Virginia Attorney General Ken Cuccinelli isn’t one to back down, and his contention that a D.C. law regulating the capture and disposal of critters and vermin has led the city to dispose of rats in the commonwealth has provoked a Maryland legislator into proposing a law that would forbid the practice.
WTOP reports this morning the Cuccinelli’s office released a statement further digging into the argument that he made to a conservative radio station last week that the District’s 2010 Wildlife Protection Act, which regulates the people who would capture or kill raccoons or other unwanted guests in your home, will invariably lead critter control specialists to dump D.C. rats in Virginia. (Rush Limbaugh repeated the claim this week, leading the legislation’s sponsor, Ward 3 Council member Mary Cheh, to receive a flood of colorful e-mails from Dittoheads.) According to WTOP’s report, Cuccinelli did not concede that the D.C. law specifically exempts rats and mice — which means they can be killed — and further argued that it imposes undue burdens on animal control operators.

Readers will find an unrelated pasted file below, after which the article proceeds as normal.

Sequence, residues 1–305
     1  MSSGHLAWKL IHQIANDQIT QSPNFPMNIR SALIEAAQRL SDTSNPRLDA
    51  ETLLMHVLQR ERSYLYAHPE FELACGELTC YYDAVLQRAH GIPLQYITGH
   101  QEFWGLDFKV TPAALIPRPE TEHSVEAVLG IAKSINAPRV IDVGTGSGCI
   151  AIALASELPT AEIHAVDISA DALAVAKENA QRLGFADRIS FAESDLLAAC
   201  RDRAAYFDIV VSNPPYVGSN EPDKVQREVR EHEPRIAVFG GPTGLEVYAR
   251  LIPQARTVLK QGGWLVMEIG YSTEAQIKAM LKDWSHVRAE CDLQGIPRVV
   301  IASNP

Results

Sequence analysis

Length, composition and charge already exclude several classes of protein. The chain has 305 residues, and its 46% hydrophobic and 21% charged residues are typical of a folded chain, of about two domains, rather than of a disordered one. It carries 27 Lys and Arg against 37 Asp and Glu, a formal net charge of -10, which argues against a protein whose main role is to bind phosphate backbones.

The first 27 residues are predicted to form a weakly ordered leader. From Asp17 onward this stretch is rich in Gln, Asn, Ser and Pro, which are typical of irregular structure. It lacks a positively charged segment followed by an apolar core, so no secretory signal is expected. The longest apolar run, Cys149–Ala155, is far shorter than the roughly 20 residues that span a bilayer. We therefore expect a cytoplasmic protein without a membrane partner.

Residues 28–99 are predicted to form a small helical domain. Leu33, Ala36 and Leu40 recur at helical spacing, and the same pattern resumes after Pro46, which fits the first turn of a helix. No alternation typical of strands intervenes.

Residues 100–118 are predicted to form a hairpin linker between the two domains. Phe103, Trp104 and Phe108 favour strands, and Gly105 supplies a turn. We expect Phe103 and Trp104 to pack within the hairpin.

And since the fiction sounds much more damning than the facts, Essex-Middle River Patch reported Thursday that Maryland Del. Pat McDonough is planning on introducing legislation that would ban the District from sending its rats north into the Old Line State:
“I’m protecting the borders again, this time from illegal rats,” McDonough said. “I’m very concerned about my friends in Prince George’s and Montgomery counties. They’re on the front lines of this.”
McDonough said his bill would prevent D.C. from sneaking their rats across the border into Maryland’s suburbs and eating our government cheese.
It’s probably worth noting that the law has been on the books since March 2011, and given that there are no documented cases of D.C.-sponsored rat-smuggling into neighboring states that I have seen, we either have to imagine that it’s not happening (likely) or that we’re so good at it that they’ll never find out (very unlikely).